30 January 2020, 4 pm, Odette Hall 323
As an installation in the bi-annual Wiesbaden Biennale Theatre Festival, Thomas Bo Nilsson and his partner Julian Eicke created Betreutes Leben, or its alternate title: Ezzelinolivecams.net. The dramatic installation is hinged on three major premises: Ezzelinolivecams.net is a real streaming website, where people from all over the world can submit their fantasies for actors to act out; the studio for Ezzelinolivecams.net exists in Wiesbaden where these actors live and work; and the audience is just as fictional as the studio and website in interacting with Betreutes Leben. Despite all three existing in reality but not all to the same capacity in the fabric of society, the actors are nonetheless surveilled by the audience online. Betreutes Leben through the interweaving of fictional place, real website and place with an audience, reveals a dichotomy in our understandings of surveillance and its usage, which I will call the fiction of surveillance.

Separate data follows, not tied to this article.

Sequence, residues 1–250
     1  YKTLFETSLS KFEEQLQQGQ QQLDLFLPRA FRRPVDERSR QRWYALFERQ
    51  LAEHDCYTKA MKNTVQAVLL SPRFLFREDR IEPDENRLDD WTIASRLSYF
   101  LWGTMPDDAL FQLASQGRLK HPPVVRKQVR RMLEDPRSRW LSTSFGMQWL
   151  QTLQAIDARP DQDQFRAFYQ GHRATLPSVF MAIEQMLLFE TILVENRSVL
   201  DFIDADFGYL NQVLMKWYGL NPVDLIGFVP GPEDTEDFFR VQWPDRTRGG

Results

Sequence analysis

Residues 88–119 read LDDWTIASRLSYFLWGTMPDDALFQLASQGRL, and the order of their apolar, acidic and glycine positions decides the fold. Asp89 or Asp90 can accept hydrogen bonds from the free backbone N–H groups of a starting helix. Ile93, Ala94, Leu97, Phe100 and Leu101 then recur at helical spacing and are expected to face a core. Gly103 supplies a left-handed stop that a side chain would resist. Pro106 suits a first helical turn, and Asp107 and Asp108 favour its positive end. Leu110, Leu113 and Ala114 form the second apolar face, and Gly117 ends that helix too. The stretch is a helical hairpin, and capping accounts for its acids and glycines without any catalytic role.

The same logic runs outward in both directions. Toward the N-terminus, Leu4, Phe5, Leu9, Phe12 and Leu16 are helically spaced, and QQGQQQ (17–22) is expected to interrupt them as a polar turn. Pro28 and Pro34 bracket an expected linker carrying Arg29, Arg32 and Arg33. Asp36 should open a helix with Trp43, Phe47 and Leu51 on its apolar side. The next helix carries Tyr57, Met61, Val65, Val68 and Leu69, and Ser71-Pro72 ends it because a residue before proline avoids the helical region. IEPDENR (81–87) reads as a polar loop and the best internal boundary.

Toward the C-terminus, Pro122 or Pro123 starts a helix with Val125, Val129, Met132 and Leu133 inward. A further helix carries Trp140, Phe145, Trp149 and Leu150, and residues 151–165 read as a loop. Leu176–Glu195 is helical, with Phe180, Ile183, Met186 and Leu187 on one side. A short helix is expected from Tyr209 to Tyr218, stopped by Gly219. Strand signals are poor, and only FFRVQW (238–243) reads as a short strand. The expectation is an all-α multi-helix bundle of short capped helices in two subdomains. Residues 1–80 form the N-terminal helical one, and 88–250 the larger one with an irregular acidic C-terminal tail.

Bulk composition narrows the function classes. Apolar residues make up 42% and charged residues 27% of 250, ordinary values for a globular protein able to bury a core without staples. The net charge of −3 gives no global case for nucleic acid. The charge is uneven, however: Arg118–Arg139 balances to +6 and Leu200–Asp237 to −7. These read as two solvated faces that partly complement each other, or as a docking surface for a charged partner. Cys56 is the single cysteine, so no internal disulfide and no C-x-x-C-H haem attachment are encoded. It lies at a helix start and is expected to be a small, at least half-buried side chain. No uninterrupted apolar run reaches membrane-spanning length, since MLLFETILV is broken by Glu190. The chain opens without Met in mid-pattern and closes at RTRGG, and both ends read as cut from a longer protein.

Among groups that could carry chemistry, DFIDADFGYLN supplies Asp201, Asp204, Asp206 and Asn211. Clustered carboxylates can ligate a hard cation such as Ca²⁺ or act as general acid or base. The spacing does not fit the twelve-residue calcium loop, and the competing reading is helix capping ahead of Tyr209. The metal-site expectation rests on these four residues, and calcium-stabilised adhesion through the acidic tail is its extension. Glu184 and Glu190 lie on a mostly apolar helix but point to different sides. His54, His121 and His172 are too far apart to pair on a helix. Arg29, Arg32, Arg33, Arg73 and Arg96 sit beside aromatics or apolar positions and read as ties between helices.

Surveillance functions on the premise that the deed has not yet been seen but is imagined to be happening. It is with certainty that surveillance is used to see what has not yet happened. The audience, despite being in the “real” world, is an integral part to the fiction that they surveil online through ezzelinolivecams.net. In short, they are disoriented. In surveillance, the goal is to observe and report the deviant and could-be-deviant, but the only way for the deviant to be seen or even defined is for the observer to initiate the surveillance. The audience in their disorientation here must attempt to surveil the actors via the webcams given to them.
John Evjen is a PhD student in the Department of Germanic Languages & Literature at the University of Toronto.
If you have any accommodation needs, please e-mail email@example.com, and we will do our best to assist you.